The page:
Last year, Tablet’s publisher Morton Landowne reflected on what it was like to read Herman Wouk over the span of many decades, from City Boy (1948) to Sailor and Fiddler: Reflections of a 100-Year-Old Author, Wouk’s recent memoir. In his essay, Landowne writes about becoming a senior citizen himself, and how Wouk’s career and novels, over the years, have traced history (World War II epics The Winds of War and War and Remembrance, e.g.) to ultimately offering insight into what it’s like to live to 100. At the conclusion of his memoir, Wouk writes: “The view from 100 is…illuminating and surprising. With this book I am free: from contracts, from long-deferred to-do books, in short, from producing any more words. I have said my say, done my work.”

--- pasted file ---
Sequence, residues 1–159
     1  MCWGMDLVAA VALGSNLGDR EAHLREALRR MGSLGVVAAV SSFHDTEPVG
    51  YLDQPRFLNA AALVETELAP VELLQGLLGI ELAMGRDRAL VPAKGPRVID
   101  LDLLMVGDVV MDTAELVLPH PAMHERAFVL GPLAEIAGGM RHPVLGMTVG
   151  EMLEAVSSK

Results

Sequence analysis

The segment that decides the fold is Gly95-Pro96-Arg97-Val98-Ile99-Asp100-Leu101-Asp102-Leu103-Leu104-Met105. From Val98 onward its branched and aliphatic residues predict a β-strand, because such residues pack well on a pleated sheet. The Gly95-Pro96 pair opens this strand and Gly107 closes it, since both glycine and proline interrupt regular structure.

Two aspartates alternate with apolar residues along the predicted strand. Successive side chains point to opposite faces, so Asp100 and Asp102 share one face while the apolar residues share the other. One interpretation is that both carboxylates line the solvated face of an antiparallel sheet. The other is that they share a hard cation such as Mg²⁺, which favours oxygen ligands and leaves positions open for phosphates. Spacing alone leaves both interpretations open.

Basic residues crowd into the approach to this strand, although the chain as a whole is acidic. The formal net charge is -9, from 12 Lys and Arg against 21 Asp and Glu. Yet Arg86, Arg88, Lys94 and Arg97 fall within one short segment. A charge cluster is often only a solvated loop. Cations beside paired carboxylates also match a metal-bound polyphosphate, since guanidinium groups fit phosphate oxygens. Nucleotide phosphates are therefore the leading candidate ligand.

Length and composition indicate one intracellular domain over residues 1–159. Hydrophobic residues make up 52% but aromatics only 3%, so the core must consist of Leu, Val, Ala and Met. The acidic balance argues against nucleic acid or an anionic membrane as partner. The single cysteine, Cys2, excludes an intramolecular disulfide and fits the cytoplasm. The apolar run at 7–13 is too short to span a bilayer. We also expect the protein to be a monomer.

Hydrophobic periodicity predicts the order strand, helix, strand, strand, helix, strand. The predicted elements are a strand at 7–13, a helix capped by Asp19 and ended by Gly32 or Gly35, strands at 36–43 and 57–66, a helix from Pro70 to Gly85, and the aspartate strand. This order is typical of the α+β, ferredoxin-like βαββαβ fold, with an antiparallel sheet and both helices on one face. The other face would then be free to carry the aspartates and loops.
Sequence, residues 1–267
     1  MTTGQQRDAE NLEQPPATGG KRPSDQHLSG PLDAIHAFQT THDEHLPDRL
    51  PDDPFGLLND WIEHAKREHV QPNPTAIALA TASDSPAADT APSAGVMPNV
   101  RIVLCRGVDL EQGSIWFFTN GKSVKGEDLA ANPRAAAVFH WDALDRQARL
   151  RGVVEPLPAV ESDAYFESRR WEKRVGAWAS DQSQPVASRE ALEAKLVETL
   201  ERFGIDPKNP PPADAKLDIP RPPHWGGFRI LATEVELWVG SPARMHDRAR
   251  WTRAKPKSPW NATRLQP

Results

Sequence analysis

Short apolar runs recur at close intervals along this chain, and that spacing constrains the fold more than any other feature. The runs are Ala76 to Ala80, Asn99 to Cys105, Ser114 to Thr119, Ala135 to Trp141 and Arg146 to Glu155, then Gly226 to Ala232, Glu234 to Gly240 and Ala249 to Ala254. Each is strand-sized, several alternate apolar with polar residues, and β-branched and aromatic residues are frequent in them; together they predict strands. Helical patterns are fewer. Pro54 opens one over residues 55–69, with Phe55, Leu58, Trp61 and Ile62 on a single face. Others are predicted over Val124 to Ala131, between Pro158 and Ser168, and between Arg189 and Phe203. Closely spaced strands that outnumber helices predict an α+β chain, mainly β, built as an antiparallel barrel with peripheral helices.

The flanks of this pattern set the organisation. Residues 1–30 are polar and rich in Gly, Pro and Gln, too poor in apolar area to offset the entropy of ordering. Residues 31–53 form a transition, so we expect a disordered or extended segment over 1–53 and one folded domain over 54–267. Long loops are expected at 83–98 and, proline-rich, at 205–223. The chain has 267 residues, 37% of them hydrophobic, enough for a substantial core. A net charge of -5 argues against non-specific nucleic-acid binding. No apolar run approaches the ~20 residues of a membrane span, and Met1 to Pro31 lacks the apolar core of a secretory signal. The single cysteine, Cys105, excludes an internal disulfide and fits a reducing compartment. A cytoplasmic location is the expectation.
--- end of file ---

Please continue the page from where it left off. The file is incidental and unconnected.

Reflected Landowne: “How many of us can, in all honesty, claim that?”

Not many.

On Saturday, Wouk turns 102. On this day, perhaps take some time to read about Wouk’s incredible career, which includes American classics like 1951’s The Caine Munity and Marjorie Morningstar (1955). Consider reading Adam Kirsch on Wouk’s memoir and 2012 novel The Lawgiver, or Rachel Gordon on This Is My God (1959), “a foundational text for American postwar Modern Orthodoxy, and for the emancipated Jewish literature in its wake.”

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Herman Wouk’s Fire Island Synagogue